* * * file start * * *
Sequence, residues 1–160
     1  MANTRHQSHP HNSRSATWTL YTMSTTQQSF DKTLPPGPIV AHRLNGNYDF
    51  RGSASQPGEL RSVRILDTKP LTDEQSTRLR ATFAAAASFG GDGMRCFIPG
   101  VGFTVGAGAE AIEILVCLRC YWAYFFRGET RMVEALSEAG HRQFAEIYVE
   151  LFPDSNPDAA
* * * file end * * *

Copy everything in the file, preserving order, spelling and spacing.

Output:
Sequence, residues 1–160
     1  MANTRHQSHP HNSRSATWTL YTMSTTQQSF DKTLPPGPIV AHRLNGNYDF
    51  RGSASQPGEL RSVRILDTKP LTDEQSTRLR ATFAAAASFG GDGMRCFIPG
   101  VGFTVGAGAE AIEILVCLRC YWAYFFRGET RMVEALSEAG HRQFAEIYVE
   151  LFPDSNPDAA